7 Can't-Miss Montana Summer Hideaways

When you’re jonesin’ for a nature-inspired summer getaway but want to avoid the large crowds and tourist traps, you’ll find solace in the great state of Montana. If it’s serenity you’re seeking, there’s no better place to venture off the beaten path. From the valleys to the peaks, there’s something for everyone to enjoy in Big Sky Country. Make sure to add these gems to your Montana bucket list for an adventure you’re sure to remember.

Lake McDonald
As the largest lake in Glacier National Park, Lake McDonald is an awe-inspiring ten mile stretch of water formed entirely by glacial carving. Because the glacier water is crystal clear, it allows for easy viewing of the rainbow-colored stones that line the bottom of the lake. Now that the valley is no longer occupied by massive glaciers, you might get lucky and spot a bighorn sheep, mountain goat or even a black bear. There are several spots for camping around the lake, or if you’re feeling a little less rustic, you can also find shelter at the Lake McDonald Lodge.

Water of the Gods
Also known as Norris Hot Springs, one dip in the Water of the Gods and you’ll be instantly rejuvenated. Enjoy a craft beer served soak side, listen to live music in the geodesic dome, or indulge in the awesome local food, which includes everything from grass-fed beef to vegan pizza.

Just a stone’s throw from the pool itself is an on-site campground, which means you can easily spend a few days here. Easy day trips abound in every direction from fishing and tubing along Madison River to hiking around Lewis & Clark Caverns State Park. You’ll love the eclectic vibe of this place, not to mention coming back to a warm mineral soak after a long day of adventure!


Ringing Rocks
For the musically inclined, pay a visit to the Ringing Rocks in Butte, Montana. At first glance, this unique formation looks like nothing more than a pile of boulders. Tap lightly with a hammer, though, and the rocks will chime in all sorts of different pitches.

Virginia City
If it’s a bit of history you’re after, Virginia City is the place to find it. This former gold-mining town is frozen in the Victorian era and is sure to offer an authentic taste of the original Old West. Try your hand at panning for gold, or take a short but scenic train ride to Nevada City. Located just 90 miles from Yellowstone, Virginia City is a must-see stop on your way to or from the park.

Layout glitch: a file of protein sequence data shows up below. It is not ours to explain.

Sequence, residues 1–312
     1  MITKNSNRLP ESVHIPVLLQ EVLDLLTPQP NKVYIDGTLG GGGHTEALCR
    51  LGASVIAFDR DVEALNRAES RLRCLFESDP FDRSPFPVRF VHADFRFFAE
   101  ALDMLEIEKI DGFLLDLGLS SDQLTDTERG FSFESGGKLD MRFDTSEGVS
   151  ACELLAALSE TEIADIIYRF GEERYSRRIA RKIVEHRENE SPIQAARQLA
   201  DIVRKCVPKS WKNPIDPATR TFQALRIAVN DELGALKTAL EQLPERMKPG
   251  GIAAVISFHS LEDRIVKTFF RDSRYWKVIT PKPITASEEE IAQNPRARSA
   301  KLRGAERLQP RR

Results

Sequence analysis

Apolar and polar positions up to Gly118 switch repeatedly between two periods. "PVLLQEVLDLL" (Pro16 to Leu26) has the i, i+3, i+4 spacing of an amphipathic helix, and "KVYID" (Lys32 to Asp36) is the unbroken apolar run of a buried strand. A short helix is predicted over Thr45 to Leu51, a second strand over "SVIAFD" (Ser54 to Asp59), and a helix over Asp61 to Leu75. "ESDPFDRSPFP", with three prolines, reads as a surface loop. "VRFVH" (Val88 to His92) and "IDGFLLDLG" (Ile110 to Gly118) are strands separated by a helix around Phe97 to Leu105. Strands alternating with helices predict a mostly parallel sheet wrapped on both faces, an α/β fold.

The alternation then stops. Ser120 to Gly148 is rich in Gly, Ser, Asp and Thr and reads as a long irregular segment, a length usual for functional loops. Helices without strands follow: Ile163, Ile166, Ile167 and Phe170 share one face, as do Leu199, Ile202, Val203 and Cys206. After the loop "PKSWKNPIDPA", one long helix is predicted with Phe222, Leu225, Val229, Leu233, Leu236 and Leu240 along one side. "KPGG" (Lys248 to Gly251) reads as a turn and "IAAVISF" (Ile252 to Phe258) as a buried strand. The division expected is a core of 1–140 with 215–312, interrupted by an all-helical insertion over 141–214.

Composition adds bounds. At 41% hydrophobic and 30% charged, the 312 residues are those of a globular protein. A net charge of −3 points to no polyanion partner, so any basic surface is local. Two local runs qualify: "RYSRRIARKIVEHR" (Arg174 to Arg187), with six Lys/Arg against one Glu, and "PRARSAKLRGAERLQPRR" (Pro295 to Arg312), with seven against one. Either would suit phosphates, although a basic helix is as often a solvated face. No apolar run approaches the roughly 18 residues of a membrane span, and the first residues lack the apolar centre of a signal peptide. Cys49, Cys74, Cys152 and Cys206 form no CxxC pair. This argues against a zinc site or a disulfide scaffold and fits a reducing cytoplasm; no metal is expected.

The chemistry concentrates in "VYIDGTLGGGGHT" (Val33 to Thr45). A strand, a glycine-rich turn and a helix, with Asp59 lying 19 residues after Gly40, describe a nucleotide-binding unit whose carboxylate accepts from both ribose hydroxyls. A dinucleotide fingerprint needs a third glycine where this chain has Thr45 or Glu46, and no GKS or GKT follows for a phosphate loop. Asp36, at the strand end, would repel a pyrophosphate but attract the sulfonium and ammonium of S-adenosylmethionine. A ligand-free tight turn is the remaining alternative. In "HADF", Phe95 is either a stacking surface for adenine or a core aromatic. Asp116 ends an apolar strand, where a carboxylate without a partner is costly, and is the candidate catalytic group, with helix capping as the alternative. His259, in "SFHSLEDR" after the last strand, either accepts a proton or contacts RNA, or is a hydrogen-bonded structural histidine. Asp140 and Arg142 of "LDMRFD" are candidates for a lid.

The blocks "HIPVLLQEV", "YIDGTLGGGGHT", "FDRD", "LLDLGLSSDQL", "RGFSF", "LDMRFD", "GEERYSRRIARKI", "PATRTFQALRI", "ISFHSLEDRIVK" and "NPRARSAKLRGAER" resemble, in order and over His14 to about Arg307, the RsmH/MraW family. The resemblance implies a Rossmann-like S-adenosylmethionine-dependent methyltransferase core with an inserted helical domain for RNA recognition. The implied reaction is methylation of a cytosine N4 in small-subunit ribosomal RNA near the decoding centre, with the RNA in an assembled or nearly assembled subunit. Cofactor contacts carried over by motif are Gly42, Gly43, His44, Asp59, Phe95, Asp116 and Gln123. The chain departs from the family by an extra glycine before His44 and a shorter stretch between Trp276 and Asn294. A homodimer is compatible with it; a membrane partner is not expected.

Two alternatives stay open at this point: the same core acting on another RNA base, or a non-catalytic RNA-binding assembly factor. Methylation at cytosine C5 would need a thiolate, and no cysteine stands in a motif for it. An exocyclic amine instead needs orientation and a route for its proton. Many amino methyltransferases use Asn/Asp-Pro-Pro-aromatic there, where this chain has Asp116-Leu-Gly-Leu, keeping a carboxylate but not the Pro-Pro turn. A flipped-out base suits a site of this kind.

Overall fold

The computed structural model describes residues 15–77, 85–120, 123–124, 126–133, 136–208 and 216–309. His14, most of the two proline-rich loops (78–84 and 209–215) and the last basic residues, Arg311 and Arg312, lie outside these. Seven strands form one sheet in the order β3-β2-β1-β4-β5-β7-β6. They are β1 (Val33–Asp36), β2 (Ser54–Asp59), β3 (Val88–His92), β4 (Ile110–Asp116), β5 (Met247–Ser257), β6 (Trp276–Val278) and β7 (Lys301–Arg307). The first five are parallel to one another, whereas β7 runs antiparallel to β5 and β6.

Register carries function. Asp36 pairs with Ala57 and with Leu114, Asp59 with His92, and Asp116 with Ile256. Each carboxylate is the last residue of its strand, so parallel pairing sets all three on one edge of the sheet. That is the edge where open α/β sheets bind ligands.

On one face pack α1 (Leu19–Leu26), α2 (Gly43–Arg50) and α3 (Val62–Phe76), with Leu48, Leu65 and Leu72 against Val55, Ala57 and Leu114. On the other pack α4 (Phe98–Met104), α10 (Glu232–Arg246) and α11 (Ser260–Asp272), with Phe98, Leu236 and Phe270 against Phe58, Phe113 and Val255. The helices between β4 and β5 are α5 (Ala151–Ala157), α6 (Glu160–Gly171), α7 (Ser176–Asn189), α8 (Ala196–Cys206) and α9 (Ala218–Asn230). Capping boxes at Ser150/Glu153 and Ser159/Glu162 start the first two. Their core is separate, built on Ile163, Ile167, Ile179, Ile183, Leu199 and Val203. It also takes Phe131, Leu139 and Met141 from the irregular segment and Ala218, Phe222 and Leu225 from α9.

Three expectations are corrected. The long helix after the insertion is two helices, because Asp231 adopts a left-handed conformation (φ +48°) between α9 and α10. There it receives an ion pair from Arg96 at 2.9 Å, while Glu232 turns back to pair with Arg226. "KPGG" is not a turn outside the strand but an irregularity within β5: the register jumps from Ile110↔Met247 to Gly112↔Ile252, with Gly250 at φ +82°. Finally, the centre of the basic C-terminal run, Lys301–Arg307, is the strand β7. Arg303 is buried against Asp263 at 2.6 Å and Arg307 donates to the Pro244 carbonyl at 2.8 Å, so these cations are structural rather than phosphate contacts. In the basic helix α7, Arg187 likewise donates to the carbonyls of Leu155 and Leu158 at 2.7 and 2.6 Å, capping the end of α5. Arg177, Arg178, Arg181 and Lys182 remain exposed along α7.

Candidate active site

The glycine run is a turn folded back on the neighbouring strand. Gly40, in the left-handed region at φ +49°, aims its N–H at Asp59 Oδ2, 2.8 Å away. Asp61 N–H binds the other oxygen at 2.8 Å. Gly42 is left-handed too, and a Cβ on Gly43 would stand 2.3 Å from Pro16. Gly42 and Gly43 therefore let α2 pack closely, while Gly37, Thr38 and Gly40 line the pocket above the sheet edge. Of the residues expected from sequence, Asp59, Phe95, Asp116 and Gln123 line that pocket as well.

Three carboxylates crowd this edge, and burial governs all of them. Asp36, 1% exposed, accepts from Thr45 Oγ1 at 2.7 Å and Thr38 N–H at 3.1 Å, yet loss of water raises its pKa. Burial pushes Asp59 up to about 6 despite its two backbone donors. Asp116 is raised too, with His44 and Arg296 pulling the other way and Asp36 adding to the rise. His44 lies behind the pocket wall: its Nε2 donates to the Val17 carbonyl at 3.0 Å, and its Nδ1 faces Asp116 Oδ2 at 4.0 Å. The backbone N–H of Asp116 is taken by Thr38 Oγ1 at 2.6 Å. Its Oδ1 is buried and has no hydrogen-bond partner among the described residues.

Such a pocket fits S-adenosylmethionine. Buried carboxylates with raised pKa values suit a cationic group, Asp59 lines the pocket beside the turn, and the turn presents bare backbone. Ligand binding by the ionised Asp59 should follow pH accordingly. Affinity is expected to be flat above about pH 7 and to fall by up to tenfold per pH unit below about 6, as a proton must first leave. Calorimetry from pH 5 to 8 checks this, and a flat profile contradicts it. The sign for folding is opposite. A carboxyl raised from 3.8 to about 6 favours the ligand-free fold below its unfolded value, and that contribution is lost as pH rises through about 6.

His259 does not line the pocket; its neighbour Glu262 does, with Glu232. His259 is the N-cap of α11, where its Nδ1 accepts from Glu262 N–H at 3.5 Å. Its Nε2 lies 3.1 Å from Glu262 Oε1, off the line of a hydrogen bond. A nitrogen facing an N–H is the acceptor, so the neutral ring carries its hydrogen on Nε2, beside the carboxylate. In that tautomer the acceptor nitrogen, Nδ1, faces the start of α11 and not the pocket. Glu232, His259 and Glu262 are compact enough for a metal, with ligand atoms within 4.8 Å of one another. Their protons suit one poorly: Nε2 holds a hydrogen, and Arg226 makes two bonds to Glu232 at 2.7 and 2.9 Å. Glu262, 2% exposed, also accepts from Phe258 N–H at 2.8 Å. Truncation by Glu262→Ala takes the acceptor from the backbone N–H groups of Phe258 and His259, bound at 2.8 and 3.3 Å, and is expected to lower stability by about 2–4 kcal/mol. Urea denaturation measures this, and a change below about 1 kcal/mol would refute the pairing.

Photo by Steven Gnam

Polebridge Mercantile
For a truly off-the-grid experience, venture to Polebridge Mercantile after a day of hiking or fishing the nearby Flathead River. In order to reach the Merc, you’ll have to traverse a slow-going gravel road. You certainly won’t arrive to find cell service or wifi. Make sure you snag a huckleberry bear claw from the bakery and enjoy a cold one at the Northern Lights Saloon while you brush up on the history of this remote outpost.

Calypso Trail
If you thought South Dakota was the only place to see the Badlands, think again. Legend has it that this 5.5 mile road once served as a bootlegging trail. Although there are no services available (plan accordingly), the scenery more than makes up for it. You’ll need a high-clearance vehicle for this adventure, but there are also plenty of places to hop out and hike (which you should definitely do).

Medicine Rocks State Park
What was once a gathering ground for Indian hunting parties is now riddled with unique sandstone formations. Years of weathering have given the Medicine Rocks a Swiss cheese-like appearance, and some of the formations can reach up to 80 feet high and 200 feet across. If you want to plan an overnight stay, the 330-acre park boasts several places for hiking, wildlife viewing and camping.

Big Horn Canyon
Adventure seekers will love Big Horn Canyon with its dramatic views, stunning wildlife, and endless opportunities for outdoor recreation. Montana’s Grand Canyon is located just 80 miles south of Billings and is a real treasure chest for the outdoor enthusiast. Choose your own adventure with over 17 miles of trails ranging from short walks to breathtaking overlooks. You could also opt to spend the day trout fishing on the Bighorn River or boating along Bighorn Lake. Your best bet is to plan a few days in the area and do it all!

While Montana’s beauty is easy to appreciate during all seasons, there’s something to be said about soaking up the scenery in warmer than sub-zero temperatures. If your summer holiday plans include vast landscapes and a break from the bustling crowds, Montana is ripe with opportunity. What’s on your must-see list this summer?